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The authors declare that they have no competing interests.
SG and JN conceived and designed the study. RW and MS collected the data. MB analysed the data. SG wrote the first draft and all authors contributed to revision and preparation of the final draft. All authors read and approved the final manuscript.
Health utility combines health related quality of life and mortality to produce a generic outcome measure reflecting both morbidity and mortality. It has not been widely used as an outcome measure in evaluations of emergency care and little is known about the feasibility of measurement, typical values obtained or baseline factors that predict health utility. We aimed to measure health utility after emergency medical admission, to compare health utility to age, gender and regional population norms, and identify independent predictors of health utility.
We selected 5760 patients across three hospitals who were admitted to hospital by ambulance as a medical emergency. The EQ-5D questionnaire was mailed to all who were still alive 30 days after admission. Health utility was estimated by applying tariff values to the EQ-5D responses or imputing a value of zero for those who had died. Multivariable analysis was used to identify independent predictors of health utility at 30 days.
Responses were received from 2488 (47.7%) patients, while 541 (9.4%) had died. Most respondents reported some or severe problems with each aspect of health. Mean health utility was 0.49 (standard deviation 0.35) in survivors and 0.45 (0.36) including non-survivors. Some 75% had health utility below their expected value (mean loss 0.32, 95% confidence interval 0.31 to 0.33) and 11% had health utility below zero (worse than death). On multivariable modelling, reduced health utility was associated with increased age and lower GCS, varied according to ICD10 code and was lower among females, patients with recent hospital admission, steroid therapy, or history of chronic respiratory disease, malignancy, diabetes or epilepsy.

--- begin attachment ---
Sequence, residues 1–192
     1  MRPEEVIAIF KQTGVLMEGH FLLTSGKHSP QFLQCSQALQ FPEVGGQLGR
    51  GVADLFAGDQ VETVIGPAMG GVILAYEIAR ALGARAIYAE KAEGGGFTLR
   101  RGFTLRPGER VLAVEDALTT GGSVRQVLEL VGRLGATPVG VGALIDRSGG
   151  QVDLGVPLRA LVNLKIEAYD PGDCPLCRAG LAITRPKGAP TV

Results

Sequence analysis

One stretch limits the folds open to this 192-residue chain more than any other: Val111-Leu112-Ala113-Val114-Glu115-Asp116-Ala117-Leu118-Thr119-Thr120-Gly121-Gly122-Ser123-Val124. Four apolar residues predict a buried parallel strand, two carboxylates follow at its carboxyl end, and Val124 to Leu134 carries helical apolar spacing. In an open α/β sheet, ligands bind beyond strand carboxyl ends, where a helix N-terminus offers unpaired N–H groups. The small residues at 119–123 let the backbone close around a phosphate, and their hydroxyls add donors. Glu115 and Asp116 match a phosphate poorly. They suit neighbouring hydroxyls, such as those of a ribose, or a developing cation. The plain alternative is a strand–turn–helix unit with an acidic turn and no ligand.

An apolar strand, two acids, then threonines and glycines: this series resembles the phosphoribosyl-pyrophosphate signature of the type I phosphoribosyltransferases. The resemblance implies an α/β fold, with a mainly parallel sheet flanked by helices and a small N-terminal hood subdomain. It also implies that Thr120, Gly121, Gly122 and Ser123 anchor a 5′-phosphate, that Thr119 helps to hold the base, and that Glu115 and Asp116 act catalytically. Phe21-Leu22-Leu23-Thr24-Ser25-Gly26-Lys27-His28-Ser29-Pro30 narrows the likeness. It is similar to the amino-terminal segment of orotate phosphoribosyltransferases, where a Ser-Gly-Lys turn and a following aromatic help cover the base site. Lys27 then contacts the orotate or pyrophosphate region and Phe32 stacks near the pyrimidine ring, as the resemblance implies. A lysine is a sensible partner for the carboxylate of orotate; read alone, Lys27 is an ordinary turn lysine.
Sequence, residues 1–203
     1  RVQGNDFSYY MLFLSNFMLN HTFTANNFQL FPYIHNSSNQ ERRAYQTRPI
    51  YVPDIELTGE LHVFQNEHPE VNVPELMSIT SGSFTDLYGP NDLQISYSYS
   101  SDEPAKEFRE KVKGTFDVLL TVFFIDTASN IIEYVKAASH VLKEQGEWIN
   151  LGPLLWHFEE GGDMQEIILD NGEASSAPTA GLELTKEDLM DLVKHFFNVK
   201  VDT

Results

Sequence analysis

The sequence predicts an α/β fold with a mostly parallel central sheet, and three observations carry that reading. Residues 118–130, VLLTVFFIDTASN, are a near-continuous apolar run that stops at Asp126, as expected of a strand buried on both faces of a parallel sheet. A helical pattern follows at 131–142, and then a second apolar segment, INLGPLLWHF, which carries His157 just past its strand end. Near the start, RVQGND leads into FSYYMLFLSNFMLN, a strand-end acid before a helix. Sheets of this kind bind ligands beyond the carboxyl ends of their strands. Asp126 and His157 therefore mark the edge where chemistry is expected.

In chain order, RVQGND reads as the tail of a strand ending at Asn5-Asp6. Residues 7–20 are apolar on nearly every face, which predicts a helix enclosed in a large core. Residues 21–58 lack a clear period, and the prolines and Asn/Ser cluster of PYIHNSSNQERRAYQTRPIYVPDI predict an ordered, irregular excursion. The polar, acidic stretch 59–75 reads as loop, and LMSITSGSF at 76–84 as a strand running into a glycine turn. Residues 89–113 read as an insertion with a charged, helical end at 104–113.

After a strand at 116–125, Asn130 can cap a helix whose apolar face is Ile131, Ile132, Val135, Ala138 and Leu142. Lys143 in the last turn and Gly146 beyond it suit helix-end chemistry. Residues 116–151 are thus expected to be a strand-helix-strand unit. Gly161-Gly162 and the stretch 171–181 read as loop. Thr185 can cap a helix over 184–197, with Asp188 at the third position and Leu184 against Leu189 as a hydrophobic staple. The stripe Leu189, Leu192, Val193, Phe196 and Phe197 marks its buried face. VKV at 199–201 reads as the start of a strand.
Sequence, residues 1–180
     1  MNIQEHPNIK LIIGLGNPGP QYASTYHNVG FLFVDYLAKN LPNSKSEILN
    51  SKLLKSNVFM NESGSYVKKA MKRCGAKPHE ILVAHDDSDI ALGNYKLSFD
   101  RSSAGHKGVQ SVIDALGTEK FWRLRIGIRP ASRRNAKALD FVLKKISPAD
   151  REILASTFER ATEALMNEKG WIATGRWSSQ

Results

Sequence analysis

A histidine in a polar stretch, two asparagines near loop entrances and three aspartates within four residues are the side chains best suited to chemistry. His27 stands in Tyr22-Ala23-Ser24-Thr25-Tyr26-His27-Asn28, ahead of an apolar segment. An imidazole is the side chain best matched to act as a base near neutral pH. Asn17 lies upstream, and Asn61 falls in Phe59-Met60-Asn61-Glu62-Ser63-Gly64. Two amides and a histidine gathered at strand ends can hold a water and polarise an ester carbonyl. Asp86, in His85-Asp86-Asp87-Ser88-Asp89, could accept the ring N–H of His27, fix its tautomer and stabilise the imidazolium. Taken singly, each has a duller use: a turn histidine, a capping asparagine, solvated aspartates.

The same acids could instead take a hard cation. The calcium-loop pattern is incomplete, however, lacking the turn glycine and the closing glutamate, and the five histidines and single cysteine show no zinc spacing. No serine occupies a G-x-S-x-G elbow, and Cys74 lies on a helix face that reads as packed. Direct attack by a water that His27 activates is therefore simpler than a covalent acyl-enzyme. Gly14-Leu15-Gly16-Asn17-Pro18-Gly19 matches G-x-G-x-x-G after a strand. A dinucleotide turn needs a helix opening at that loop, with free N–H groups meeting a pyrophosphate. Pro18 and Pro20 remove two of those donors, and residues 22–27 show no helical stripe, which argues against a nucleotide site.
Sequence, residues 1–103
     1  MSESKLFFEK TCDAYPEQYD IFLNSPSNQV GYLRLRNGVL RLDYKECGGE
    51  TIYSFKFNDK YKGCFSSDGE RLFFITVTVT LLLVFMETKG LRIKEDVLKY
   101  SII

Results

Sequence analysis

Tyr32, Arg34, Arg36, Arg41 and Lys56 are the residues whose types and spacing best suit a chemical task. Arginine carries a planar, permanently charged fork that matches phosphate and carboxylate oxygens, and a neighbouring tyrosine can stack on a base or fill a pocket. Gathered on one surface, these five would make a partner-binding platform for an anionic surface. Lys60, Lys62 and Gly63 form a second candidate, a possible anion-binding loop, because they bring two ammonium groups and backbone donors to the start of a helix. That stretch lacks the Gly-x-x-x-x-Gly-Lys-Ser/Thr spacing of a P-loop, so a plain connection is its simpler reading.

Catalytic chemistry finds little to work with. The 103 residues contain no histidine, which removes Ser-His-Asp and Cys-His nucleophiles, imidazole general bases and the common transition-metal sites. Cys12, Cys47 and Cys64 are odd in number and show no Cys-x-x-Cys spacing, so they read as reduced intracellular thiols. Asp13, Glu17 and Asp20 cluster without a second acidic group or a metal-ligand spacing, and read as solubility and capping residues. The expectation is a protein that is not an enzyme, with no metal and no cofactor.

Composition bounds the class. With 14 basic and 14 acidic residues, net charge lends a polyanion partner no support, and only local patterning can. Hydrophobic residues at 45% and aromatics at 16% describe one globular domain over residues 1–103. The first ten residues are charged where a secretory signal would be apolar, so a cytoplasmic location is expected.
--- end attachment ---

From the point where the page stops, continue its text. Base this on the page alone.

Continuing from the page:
Health utility can be measured after emergency medical admission, although responder bias may be significant. Health utility after emergency medical admission is poor compared to population norms. We have identified independent predictors or health utility that need to be measured and taken into account in non-randomized evaluations of emergency care.